“This is 9-1-1. What’s your emergency?”
“I backed into my neighbor’s car.”
It can seem kind of silly to call the police after getting into a fender bender or other small accident where nobody is hurt, but notifying the authorities is always important.
Even if you do not think you are seriously injured, you may not be thinking clearly after an accident. You could be in shock because you are injured and do not know it, or you might just be really angry. Calling 9-1-1 means someone who is trained to handle trauma will be at the scene to help everyone stay safe and make better decisions.
The dispatcher or the responding officer may decide to call an ambulance or a hazmat team to the scene of an accident that the parties involved thought was minor.
Be Careful Who You Trust
If the other party is insisting that you do not call the police you should be immediately suspicious. What are they trying to hide? Have they been drinking? Is there a warrant out for their arrest? Is the car they are driving stolen?
Many serious crimes are solved because the perpetrator got into an accident or got pulled over for violating a traffic law.
Investigate & Document
From an I’m-going-to-sue-the-other-driver perspective, it is important to call the cops to even the most minor accidents because the “smoking gun” in many car accident lawsuits is the police report.
The incident report prepared by the responding officer may contain some or all of the following information:
- The date, time, and location of the accident.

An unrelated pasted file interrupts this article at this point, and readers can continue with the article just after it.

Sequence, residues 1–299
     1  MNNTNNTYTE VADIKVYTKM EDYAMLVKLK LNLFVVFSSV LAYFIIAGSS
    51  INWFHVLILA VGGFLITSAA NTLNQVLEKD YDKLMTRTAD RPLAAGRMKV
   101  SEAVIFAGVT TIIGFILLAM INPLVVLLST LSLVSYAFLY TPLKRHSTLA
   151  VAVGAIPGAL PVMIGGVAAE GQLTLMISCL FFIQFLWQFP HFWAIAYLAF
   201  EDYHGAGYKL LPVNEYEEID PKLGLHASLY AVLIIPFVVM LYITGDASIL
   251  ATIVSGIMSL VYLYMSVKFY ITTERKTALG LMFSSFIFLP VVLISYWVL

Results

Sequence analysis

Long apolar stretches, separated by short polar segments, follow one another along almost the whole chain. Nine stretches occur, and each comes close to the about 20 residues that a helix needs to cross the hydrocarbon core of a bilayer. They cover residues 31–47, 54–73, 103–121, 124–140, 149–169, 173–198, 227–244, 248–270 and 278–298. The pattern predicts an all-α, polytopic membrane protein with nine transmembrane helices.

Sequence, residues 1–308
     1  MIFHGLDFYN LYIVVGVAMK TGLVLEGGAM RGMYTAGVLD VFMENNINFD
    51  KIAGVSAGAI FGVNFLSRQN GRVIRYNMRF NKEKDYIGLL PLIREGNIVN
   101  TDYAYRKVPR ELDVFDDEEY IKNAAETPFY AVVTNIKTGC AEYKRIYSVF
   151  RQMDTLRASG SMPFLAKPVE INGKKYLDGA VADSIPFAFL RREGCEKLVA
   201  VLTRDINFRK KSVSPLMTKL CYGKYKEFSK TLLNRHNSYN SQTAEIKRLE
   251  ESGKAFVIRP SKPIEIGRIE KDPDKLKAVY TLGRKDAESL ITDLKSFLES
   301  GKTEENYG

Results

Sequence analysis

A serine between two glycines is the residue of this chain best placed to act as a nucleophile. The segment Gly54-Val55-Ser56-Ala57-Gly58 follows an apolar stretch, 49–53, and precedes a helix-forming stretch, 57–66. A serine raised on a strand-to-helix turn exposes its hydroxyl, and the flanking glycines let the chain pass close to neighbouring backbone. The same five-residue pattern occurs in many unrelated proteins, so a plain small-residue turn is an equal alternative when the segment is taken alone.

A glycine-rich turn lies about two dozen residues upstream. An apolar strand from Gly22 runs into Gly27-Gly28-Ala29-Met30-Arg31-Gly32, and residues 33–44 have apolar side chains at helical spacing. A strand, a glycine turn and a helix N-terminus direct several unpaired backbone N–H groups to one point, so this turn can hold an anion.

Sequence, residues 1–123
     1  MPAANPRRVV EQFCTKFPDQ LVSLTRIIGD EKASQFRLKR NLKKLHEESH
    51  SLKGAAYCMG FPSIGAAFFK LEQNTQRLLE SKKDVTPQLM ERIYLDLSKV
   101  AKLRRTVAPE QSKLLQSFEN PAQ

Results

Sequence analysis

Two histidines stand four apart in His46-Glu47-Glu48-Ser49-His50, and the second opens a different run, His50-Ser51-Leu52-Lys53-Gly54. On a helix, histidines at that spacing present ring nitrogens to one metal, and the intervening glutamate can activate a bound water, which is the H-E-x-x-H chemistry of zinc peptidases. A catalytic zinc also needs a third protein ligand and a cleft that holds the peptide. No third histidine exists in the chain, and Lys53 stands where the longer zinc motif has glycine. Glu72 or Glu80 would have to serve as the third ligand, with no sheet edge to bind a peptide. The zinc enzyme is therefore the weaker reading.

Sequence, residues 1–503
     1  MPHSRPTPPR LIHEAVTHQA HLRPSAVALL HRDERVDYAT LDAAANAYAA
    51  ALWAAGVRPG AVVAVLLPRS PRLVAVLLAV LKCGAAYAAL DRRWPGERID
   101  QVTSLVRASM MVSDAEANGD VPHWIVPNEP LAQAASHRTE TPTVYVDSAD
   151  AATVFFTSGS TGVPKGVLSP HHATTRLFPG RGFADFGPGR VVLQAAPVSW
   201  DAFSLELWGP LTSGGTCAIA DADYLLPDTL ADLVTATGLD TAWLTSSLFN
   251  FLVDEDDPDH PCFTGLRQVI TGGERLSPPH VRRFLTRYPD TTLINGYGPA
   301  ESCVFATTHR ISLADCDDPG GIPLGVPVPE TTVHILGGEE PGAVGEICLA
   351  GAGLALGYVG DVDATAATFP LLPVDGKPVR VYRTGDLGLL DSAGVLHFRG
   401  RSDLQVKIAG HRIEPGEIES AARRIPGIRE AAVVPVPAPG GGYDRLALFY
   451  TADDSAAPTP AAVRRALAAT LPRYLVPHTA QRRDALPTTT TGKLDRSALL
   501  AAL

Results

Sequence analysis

- Contact information and insurance information for all of the people involved in the accident.
- The names and contact information of witnesses.
- A summary of the statements provided by the parties and the witnesses.
- Information about the scene of the accident – including the condition of the road, the weather, and the lighting in the area.
- A description of the damage done to the vehicles involved in the accident.
- The officer may also take pictures of the scene and the damage.
- A diagram of the accident.
- Information about any tickets or warnings given out.
- It is also possible that the police report will contain the officer’s opinion on who was at fault.
The report and all of the evidence in it is often what we use to convince the other party, the insurance companies, and the judge that our client deserves compensation.
It’s The Law
In many states, including New Jersey, the law requires you to contact the police when an accident has occurred. Under New Jersey law, you must report any vehicle accident that results in injury or death, or that causes more than $500 in property damage. This cost threshold has not been adjusted in quite some time, so with the way today’s cars are made, even the slightest amount of damage is going to put you over that $500 limit.
The next time you are in a car accident, even if you don’t think it is serious, call the police right away.
Posted in: Car Accidents